I have a suggestion – go to Google images and type in pediatric ambulance (not paediatric ambulance for those of us outside the US that are using ‘proper English’). Look at the images; you can count on one hand the number of ambulances on the page with high-conspicuity fluorescent markings.
Why then are so many hospital and EMS agency ambulances for transporting children covered with decorative murals, photographic body-wraps or crayola drawings. Almost all paediatric ambulances equipped with lights & sirens are fully capable of responding under priority conditions. It seems the common guidelines about emergency vehicle visibility and conspicuity have been conveniently forgotten by medical administrators when it comes to transporting our most valued and cherished family members; neonates, babies and children.
I travelled to the United States in 2010 and while there I asked many people why it was so common to see mural markings on paediatric ambulances across the country. Wherever I went the answer was generally the same. The hospital or agency sponsoring the paediatric service usually paid for the vehicle and as such, controlled the way their public image was displayed on the side. There is no doubt that corporate or institutional sponsorship of expensive paediatric care is definitely of benefit to the community. Therefore, it was not unusual for the sponsoring body to insist on maximizing their sponsorship exposure and public awareness. This type of arrangement takes place all over the world, not just in the United States. Although researchers like Nadine Levick continue to campaign for safer standards in the building and fit-out of paediatric ambulances, it can be very difficult convincing PR savvy corporate board-members that patient & crew safety extends well beyond the interior layout and must also include superior signage and markings on the outside.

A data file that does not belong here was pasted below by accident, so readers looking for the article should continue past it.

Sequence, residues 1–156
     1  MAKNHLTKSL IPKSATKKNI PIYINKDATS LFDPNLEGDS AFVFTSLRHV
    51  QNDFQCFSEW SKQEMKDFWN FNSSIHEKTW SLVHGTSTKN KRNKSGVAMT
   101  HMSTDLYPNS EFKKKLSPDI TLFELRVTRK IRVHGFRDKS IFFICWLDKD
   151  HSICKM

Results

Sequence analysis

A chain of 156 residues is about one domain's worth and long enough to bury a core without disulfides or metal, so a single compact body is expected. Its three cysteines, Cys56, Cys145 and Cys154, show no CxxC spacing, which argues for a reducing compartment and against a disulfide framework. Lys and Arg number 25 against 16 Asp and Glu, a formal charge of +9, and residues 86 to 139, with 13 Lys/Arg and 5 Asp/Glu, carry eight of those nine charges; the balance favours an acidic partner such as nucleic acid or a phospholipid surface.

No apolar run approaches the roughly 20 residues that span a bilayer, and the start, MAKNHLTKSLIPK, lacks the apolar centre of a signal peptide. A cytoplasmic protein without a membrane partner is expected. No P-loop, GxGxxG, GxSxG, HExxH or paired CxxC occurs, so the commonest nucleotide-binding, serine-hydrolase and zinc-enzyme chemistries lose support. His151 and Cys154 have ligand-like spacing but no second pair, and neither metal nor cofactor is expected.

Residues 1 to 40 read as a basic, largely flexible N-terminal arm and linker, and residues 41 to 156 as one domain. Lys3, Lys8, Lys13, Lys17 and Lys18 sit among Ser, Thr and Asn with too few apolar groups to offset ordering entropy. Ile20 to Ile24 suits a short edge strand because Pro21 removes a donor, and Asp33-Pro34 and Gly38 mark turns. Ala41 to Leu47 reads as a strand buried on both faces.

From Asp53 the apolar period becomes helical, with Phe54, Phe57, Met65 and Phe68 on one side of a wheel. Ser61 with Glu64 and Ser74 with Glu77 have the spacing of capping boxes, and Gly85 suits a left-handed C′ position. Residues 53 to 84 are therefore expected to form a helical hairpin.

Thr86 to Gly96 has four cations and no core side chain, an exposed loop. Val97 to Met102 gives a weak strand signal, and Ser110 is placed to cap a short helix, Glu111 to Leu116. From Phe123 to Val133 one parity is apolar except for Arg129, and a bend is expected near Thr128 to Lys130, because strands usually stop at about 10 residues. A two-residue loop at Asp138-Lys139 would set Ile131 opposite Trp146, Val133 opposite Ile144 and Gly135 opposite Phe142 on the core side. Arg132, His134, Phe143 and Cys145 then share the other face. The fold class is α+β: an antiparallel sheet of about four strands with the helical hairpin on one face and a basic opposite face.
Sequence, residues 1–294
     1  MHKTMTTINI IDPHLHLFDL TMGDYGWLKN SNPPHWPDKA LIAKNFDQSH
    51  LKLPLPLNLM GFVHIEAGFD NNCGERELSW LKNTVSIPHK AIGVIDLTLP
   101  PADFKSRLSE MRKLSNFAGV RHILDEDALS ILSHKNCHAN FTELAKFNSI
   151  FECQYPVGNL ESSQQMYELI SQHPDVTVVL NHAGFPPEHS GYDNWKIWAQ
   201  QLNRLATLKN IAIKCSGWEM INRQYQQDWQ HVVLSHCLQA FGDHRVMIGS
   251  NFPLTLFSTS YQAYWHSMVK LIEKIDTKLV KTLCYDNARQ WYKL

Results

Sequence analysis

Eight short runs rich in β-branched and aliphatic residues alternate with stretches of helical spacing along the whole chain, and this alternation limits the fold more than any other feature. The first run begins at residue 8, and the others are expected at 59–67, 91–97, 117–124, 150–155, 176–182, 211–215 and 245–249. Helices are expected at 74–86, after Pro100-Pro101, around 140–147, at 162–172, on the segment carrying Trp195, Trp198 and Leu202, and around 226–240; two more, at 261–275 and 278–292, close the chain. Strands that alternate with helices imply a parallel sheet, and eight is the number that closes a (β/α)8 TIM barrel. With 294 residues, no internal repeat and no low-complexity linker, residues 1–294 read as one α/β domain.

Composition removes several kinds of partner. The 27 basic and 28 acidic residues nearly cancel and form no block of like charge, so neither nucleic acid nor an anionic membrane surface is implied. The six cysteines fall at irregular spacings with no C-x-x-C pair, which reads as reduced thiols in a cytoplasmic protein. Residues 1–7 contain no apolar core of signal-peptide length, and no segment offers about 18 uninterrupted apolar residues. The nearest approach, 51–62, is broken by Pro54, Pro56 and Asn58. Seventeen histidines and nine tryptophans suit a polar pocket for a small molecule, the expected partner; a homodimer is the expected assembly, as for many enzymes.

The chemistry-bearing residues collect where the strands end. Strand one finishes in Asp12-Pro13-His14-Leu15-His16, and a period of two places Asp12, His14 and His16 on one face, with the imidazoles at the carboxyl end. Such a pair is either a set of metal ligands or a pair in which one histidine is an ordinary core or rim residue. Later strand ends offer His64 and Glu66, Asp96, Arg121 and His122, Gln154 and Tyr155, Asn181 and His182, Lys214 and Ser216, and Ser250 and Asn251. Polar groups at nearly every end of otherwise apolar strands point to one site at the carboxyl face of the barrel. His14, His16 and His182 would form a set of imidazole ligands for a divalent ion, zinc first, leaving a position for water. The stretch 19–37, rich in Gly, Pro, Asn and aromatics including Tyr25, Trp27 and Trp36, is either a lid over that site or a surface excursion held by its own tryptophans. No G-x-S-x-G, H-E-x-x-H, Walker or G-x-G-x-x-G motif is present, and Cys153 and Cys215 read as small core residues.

In 2007 I was asked to design high-conspicuity markings for an Australian neonatal and paediatric ambulance service. The new vehicle marking scheme had to incorporate adequate space for sponsors logos while the vehicle remained immediately recognisable as an ambulance. The Neonatal Emergency Transport Service of New South Wales (NETS NSW) had just achieved status as an ambulance agency in its own right and was expanding its role to include sick children of all ages. Fortunately, the NETS board- members were aware that visual safety for their vehicles, staff and patients was of paramount importance. It had already become clear to the NETS board that the former vehicle markings (which were almost identical to the NSW Ambulance Service design) were not being recognised by the public, nor were the NETS ambulances being given right-of-way during emergency response. The board was keen to follow the successful ACT, Queensland and Tasmania ambulance style of fluorescent markings while continuing to keep a fair promotional balance for their sponsors. A no-compromise fluorescent/reflective marking scheme with reflective white contour markings was easily adapted to the NETS ambulances, instantly providing a major increase in the level of conspicuity and safety.